So how does it all come together? With multiple venues to hand, each with its own promoter, it could surely become a case of too many cooks? Nulty explains, “The thing about the Sheffield scene is that it’s a really tight knit community, our backgrounds before this were in promoting and running live music at venues, so we already knew all these guys and we just continued to work with them as the festival grew. And as new promoters come up, you get to know them, and yeah, that’s kind of the key to the festival. Especially with the dance music stuff as well – you need those young promoters coming in that kind of know who the next artist is. We work with the right promoters in the different scenes, probably about 10 – all representing different tribes of music so to speak. I think that’s what keeps it relevant and current”.
Hewett then expands on this idea, “it’s about programming the right music into the right space I think as well. The geography and layout of Sheffield plays such a part, and that’s the great thing about programming or running events in the North – there are loads of these great places like Sarah was talking about. Loads of old industrial spaces that are now, you know, disused in their original form; but have now been reclaimed and re appropriated – given a new lease of life”.
But Tramlines isn’t a magical socialist utopia where all the bands play the steel drums or tambourine, there’s a definite shift that occurs, from the lively, family friendly vibes of a group like KOG & the Zongo Brigade to the edgier offerings of another of the artists to give us a preview. MC Coco, already a Sheffield veteran, he’s featured on Grime music essential GRM Daily, and his new track, entitled “Big Bou Yah” is produced by none other than Sheffield Hero Toddla T, who continues to be a part of, and do his bit for, the scene that threw him to greatness.
Coco has videos on the major ‘urban’ staples like SBTV, as well as having support from both Mistajam and DJ Target and a ‘Fire in the Booth’ on Charlie Sloth’s show on BBC 1Xtra, he’s already made all the right moves on his road to wider recognition having been around longer than a minute. With a delivery that plays to his Yorkshire accent, he’s another artist ready to stake his claim on a scene that all too often revolves around London.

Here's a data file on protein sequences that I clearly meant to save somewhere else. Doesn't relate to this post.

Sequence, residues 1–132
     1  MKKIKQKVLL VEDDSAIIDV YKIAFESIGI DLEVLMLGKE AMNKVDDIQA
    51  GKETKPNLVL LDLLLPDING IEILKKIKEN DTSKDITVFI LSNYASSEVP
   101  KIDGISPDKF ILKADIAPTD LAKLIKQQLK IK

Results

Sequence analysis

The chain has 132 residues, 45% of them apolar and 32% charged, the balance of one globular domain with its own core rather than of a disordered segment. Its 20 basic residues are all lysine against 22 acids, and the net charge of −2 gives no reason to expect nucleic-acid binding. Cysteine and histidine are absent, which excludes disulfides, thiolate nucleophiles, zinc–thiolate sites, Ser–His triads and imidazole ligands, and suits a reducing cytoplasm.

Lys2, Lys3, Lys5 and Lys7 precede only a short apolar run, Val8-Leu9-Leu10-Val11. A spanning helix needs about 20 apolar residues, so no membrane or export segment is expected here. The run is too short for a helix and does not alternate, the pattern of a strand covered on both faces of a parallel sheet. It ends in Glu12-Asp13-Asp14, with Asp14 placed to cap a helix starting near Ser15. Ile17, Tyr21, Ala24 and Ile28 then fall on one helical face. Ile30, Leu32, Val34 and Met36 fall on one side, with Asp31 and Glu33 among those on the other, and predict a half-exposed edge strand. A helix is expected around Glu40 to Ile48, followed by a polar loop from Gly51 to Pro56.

Tramlines, and its various underground venues, whether it’s The Night Kitchen, Hope Works or Yellow Arches, rather than a room full of bewildered ‘media types’ in a Shoreditch pub on a Tuesday night will no doubt understand his ‘big and serious’ fast flow and a remix that is arguably better than the original “Big Bou Yah” is bound to go off when Tramline finally rolls around.
Last up we were treated to a dab of House, South London’s own FYI Chris were on hand to bring this preview to a close. A pair of willing servants to the genre, both Chris Watson and Chris Coupe have been staples of the better known record shops in Peckham – Rye Wax – maybe best known so far for their 2014 hit “No Hurry”, the pair have rapidly been picking up momentum since then, making the inevitable transition from little known producers to upfront DJ’s.
The final dimension in the preview of what is to come, “This is the first year we’ve introduced ticketing options that let people choose what to buy based on the kind of music they’re most interested in. They can buy for the day time if they want to come out to the main stages for a family friendly thing; or if they’re interested in checking out new bands or even if they just come out at night. There’s that choice”. Hewett wraps up our time with a final thought before Nulty adds, “We like going out all night, just not necessarily to the same places people who are 18 would choose and Tramlines has those options, it’s great for that”.
Buy your tickets for Tramlines Festival 2016 here.
Words by Akua Ofei